Volume 17, Issue 2
  • ISSN 0172-8865
  • E-ISSN: 1569-9730
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Varieties of English defined by users (as dialects, sociolects and chronolects) andby uses (according to medium, formality, text type, etc.) have been the object ofdescription in various places, and have of course functioned conspicuously in thisjournal which has the topic as part of its title. By contrast, the questions of whatcan be considered English, and how its outer boundaries are defined, have beenasked less frequently, and not in any comprehensive way. (In EWW I havefollowed a pragmatic editorial course in admitting varieties which have somelinguistic relationship with English and are in a contact situation/coexistence withEnglish in the speech community discussed.) My paper looks at a few 'problemcases' among utterances, in particular at various forms of broken English andlinguistic experiments, at language mix and code-switching and then turns tolinguistic systems, with semi-languages, pidgins, creoles, cants and mixed languagessingled out for detailed discussion. A classification of the varieties treatedobviously depends on the degree of their divergence from English, their functionalrange and standardization, users' attitudes and the ways how the language isacquired — four factors which can have different weight for the classification inthe individual case.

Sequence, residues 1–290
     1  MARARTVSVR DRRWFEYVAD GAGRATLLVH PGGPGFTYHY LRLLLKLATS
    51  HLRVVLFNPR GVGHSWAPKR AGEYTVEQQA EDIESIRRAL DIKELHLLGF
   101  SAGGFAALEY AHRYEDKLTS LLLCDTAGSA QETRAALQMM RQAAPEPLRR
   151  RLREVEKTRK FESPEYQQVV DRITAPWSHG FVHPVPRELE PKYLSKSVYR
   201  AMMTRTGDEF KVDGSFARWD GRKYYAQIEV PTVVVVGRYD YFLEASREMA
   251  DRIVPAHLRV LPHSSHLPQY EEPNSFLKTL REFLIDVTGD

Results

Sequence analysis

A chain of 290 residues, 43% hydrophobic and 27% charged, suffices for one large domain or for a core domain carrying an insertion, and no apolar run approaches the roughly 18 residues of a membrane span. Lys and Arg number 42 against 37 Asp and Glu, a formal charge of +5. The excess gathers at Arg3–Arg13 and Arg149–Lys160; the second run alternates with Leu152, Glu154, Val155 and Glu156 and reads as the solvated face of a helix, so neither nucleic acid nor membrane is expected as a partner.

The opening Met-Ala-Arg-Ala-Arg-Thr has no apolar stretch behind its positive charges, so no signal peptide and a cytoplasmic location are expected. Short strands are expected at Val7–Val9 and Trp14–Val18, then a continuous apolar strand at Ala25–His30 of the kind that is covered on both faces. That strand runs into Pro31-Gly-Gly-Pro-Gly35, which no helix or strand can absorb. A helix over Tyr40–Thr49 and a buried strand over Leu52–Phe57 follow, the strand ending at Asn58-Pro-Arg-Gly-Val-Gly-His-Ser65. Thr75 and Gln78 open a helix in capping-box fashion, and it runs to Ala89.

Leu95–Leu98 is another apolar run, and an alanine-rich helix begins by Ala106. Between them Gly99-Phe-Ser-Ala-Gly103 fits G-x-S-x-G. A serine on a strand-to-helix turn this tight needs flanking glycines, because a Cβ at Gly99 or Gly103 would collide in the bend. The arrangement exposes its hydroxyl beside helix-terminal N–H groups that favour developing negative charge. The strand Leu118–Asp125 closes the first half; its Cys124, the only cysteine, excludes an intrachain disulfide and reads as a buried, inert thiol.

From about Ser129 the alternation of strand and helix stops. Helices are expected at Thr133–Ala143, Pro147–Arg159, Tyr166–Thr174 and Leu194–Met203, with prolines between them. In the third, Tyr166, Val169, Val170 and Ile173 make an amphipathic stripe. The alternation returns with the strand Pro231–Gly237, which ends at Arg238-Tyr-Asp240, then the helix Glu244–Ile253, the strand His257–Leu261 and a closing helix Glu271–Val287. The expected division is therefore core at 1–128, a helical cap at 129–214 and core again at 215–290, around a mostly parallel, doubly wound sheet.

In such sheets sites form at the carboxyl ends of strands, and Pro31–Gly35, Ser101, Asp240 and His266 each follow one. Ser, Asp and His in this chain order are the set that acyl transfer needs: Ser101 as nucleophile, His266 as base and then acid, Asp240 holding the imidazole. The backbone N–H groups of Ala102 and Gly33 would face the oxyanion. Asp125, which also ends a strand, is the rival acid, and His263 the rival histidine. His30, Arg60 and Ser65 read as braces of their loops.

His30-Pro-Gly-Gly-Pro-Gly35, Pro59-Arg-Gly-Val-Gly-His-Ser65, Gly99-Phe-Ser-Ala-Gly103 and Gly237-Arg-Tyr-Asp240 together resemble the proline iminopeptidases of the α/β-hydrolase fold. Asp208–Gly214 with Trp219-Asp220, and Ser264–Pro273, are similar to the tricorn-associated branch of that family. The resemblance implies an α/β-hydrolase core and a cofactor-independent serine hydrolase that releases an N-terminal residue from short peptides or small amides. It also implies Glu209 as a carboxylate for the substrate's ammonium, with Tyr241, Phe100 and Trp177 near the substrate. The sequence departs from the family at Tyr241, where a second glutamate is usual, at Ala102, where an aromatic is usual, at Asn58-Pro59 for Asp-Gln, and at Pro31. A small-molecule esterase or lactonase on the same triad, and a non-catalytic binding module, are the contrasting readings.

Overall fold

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  • Article Type: Research Article
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